Fallon Range Training Complex
|Fallon Range Training Complex|
|Name origin: Naval Air Station Fallon|
Basin and Range Province
|Nearest city||Reno, Nevada|
The Fallon Range Training Complex (FRTC) is a United States Navy military area with 4 "separate training ranges [plus] an integrated air defense system consisting of 37 real or simulated radars throughout the Dixie Valley area" of Nevada (the "entire FRTC is instrumented with a Tactical Aircrew Combat Training System") Naval Air Station Fallon is the nearby military base, and the FRTC conducts Carrier Air Wing Training, Advanced Instructor Training, Fleet Replacement Squadron Training, integrated air-to-air and air-to-ground unit level training, joint exercises, and tactics development.
The FRTC is the land area of 6 target and instrumented areas of 84,000 acres (34,000 ha) used by aircraft operating in airspace which overlays 6,500,000 acres (2,600,000 ha): a Supersonic Operating Area, the Austin MOA/AATCAA (Military Operating Area/Air Traffic Control Assigned Airspace), Gabbs MOA/ATCAA, Ranch MOA, Carson MOA, and Bengus ATCAA. In addition to the ranges, additional land closed to the public "in the event of an off-range ordnance delivery was part of "640 acres east of B-16, 33,400 acres primarily south of B-17, and 6,240 acres (2,530 ha) north and east of B-19", while FRTC federal land open for public use includes "9,760 acres north and southeast of B-16, 5,960 east and west of B-19, 2,765 acres at the Department of Energy Shoal Site, east of B-17, and 68,600 acres north of B-17."
Bravo 16 
Bravo 17 
Bravo 19 
Target Bravo 19 (B-19) is on Range 4810 (R-4810) 16 nmi (30 km; 18 mi) south-southeast of NAS Fallon between the Desert Mountains and the Sand Spring Mountains.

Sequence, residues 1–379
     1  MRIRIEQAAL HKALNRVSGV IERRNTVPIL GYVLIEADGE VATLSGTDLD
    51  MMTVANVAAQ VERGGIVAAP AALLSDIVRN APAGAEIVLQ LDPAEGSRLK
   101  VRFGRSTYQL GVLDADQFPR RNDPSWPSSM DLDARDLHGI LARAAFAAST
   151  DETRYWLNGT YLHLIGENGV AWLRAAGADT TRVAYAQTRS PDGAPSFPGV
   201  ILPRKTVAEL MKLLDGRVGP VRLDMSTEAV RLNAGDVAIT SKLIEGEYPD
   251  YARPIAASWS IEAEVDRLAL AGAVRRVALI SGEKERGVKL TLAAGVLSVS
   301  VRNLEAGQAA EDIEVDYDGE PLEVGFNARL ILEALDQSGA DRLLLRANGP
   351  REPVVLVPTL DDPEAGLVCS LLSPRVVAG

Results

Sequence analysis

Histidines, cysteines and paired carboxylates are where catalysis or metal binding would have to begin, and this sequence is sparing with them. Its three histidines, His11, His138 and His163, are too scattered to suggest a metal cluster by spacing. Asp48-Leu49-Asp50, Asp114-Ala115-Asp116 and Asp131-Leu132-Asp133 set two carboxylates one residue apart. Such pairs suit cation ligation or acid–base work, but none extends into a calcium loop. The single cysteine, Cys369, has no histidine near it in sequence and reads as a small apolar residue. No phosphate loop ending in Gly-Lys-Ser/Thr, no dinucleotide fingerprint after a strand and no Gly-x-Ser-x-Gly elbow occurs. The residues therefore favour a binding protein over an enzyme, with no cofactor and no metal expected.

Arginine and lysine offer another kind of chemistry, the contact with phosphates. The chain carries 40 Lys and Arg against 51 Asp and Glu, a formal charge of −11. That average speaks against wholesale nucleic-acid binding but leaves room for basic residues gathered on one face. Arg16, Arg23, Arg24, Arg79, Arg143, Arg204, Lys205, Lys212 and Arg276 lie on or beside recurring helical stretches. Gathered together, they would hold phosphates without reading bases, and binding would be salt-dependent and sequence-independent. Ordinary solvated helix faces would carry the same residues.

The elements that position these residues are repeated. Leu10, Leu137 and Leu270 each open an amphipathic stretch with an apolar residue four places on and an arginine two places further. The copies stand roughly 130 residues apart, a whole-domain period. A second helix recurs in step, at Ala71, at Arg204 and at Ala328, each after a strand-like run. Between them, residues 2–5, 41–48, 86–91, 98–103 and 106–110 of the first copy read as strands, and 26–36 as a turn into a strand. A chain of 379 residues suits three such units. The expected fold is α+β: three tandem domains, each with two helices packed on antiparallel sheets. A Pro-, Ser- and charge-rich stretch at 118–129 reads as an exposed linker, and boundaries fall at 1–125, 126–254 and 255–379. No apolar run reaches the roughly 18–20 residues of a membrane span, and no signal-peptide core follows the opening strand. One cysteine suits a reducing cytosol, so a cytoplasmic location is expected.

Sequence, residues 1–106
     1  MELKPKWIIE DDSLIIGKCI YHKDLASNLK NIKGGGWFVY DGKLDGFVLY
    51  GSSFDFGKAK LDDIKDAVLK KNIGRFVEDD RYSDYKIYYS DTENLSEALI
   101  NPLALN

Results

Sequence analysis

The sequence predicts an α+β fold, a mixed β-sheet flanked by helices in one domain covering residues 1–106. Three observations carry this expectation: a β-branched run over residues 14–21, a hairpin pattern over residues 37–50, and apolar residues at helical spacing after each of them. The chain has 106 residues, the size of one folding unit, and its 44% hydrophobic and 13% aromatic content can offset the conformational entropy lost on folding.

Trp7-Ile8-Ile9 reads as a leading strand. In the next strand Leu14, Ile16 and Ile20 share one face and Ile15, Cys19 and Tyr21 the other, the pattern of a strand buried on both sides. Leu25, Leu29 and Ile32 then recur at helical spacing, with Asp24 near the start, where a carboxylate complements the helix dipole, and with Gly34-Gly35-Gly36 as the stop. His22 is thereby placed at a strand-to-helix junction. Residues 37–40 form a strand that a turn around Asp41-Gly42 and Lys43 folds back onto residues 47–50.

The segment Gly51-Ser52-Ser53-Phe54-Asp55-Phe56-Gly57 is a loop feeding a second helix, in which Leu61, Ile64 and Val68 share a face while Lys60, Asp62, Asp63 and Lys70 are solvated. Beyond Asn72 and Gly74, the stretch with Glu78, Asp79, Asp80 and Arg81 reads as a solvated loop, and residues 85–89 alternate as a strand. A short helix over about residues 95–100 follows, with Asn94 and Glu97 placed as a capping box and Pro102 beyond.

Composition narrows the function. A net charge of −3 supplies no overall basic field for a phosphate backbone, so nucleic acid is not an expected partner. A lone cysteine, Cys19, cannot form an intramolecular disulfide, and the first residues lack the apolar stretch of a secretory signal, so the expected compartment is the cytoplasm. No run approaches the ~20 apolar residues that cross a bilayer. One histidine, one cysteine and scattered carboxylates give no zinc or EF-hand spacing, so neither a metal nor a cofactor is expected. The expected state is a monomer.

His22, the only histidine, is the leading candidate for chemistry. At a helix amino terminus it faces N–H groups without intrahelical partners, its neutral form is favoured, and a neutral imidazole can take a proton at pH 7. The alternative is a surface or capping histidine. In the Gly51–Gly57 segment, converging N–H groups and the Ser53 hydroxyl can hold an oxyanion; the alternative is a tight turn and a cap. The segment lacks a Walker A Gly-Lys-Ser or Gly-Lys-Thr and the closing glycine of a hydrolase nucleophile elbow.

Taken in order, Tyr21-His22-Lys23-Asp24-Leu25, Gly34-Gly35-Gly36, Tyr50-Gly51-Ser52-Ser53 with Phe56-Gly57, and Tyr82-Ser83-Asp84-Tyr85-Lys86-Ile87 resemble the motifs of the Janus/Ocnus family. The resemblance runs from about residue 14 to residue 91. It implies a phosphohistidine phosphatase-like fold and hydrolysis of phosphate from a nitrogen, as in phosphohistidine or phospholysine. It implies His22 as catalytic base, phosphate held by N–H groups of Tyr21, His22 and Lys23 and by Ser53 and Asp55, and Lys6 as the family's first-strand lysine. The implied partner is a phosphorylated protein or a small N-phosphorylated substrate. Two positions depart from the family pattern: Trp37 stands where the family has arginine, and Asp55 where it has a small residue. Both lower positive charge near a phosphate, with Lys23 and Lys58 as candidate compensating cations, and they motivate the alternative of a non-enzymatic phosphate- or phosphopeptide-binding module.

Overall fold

Bravo 20 
Target Bravo 20 (B-20) at Range 4802 (R-4802) and Range 4813 (R-4813) is ~31 nmi (57 km; 36 mi) north-northeast of NAS Fallon "at Lone Rock … in the Carson Sink". The 2 ranges total 41,007 acres (16,595 ha), and B-20 "is the only Navy range authorized for use with 2,000 pound laser guided weapons".
Fallon Electronic Warfare Range 
The Fallon range's "Target Baker (16-21)" was documented in 1957:4-8 and in 1958, the "Navy [was] relinquishing the air space and target" for Target B-20 "in favor of CAA requirements for airways". Its 1958 replacement "Target B-21" was to require withdrawal of 4,960 acres (2,010 ha), and a $10.8 million Navy staging base was proposed at "the instrumented AEC range at Tonopah" for 24,000 sorties.
The 1986 Military Lands Withdrawal Act (Public Laws 99-606) reserved lands for use by the Secretary of the Navy for "testing and training for aerial bombing, missile firing, tactical maneuvering, and air support. Public "hearings on the B-20 renewal were held in July of 1998"; and its "Final Environmental Impact Statement was endorsed by the Nevada State Director of the Bureau of Land Management in March 1999." The Joint Tactical Combat Training System (JTCTS) was installed at FRTC in 2001.
- "Fallon Range Training Complex (FRTC)". GlobalSecurity.org. Retrieved 2013-02-04.
- Sanger, K.J (30 JAN 1958), Subj: West Coast Weapons Training Requirements (pdf 80-4 of 2001 USACE's 2001 Findings: Tonopah Bombing Range), Record Group 181, Box 9, Real Property Records, 1952-1960. National Archives, Pacific Sierra Region, San Bruno, California: Office of the Chief of Naval Operations, p. 81, retrieved 2013-05-05, "…the NAMTC at Pt. Mugu uses the instrumented AEC range at Tonapah. … acreage made available to the Navy was 1,791,891.69. Of this, 369,280 acres is under permit to the AEC and 213,443 acres is outside of Restricted Area 271. … constructing a minimum staging base at Tonopah [with] Single runway (19,000') … Fallon…Target B-16…B-19…B-20…B-21 …"
- [author(s) not identified] (Final: December 2002, Initial: August 2001) (Archives Search Report--ASR). Findings: Tonopah Bombing Range (Report). Project Number - J09NV1114. USACE St. Louis District. http://corpsfuds.net/reports/OTHER/J09NV1114asrFindings.pdf. Retrieved 2013-05-05.
- Loomis, David (1993). Combat zoning: military land-use planning in Nevada. University of Nevada Press. p. 42. ISBN 978-0-87417-187-7. Retrieved 2013-05-07.